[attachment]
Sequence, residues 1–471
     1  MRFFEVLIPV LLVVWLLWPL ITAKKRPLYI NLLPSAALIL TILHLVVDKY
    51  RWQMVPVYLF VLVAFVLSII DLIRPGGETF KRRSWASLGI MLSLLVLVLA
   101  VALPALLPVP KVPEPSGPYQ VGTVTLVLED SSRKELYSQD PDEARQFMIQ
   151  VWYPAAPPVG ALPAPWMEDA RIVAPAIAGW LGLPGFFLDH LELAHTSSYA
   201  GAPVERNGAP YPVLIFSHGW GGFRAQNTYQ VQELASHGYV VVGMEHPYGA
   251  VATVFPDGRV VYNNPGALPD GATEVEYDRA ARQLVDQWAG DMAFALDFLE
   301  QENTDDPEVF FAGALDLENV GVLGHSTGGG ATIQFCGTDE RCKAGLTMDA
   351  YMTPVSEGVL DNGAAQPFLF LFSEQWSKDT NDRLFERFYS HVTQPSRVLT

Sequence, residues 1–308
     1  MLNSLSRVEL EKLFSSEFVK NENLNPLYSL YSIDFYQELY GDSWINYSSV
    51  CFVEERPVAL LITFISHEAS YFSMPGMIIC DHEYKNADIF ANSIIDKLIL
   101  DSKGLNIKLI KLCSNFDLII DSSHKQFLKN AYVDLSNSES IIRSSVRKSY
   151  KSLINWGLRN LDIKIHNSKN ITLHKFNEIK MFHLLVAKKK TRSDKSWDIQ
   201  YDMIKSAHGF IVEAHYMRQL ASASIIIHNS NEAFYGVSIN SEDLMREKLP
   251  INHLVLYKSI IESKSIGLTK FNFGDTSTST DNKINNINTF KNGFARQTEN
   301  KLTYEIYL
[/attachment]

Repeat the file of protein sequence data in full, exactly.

Sequence, residues 1–471
     1  MRFFEVLIPV LLVVWLLWPL ITAKKRPLYI NLLPSAALIL TILHLVVDKY
    51  RWQMVPVYLF VLVAFVLSII DLIRPGGETF KRRSWASLGI MLSLLVLVLA
   101  VALPALLPVP KVPEPSGPYQ VGTVTLVLED SSRKELYSQD PDEARQFMIQ
   151  VWYPAAPPVG ALPAPWMEDA RIVAPAIAGW LGLPGFFLDH LELAHTSSYA
   201  GAPVERNGAP YPVLIFSHGW GGFRAQNTYQ VQELASHGYV VVGMEHPYGA
   251  VATVFPDGRV VYNNPGALPD GATEVEYDRA ARQLVDQWAG DMAFALDFLE
   301  QENTDDPEVF FAGALDLENV GVLGHSTGGG ATIQFCGTDE RCKAGLTMDA
   351  YMTPVSEGVL DNGAAQPFLF LFSEQWSKDT NDRLFERFYS HVTQPSRVLT

Sequence, residues 1–308
     1  MLNSLSRVEL EKLFSSEFVK NENLNPLYSL YSIDFYQELY GDSWINYSSV
    51  CFVEERPVAL LITFISHEAS YFSMPGMIIC DHEYKNADIF ANSIIDKLIL
   101  DSKGLNIKLI KLCSNFDLII DSSHKQFLKN AYVDLSNSES IIRSSVRKSY
   151  KSLINWGLRN LDIKIHNSKN ITLHKFNEIK MFHLLVAKKK TRSDKSWDIQ
   201  YDMIKSAHGF IVEAHYMRQL ASASIIIHNS NEAFYGVSIN SEDLMREKLP
   251  INHLVLYKSI IESKSIGLTK FNFGDTSTST DNKINNINTF KNGFARQTEN
   301  KLTYEIYL